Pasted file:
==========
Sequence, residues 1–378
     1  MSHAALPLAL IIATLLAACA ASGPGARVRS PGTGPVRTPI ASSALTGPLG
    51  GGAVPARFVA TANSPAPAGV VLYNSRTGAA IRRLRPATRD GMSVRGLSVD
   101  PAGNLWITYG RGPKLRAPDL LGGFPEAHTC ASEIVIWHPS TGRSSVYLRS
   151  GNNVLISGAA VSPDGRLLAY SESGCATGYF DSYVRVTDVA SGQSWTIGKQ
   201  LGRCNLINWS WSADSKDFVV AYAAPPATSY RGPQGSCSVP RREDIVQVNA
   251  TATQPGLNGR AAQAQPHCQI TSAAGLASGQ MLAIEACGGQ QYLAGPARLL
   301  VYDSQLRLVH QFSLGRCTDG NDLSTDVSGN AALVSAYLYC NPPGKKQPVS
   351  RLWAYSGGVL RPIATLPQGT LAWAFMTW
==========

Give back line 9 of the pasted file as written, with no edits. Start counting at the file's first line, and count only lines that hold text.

   351  RLWAYSGGVL RPIATLPQGT LAWAFMTW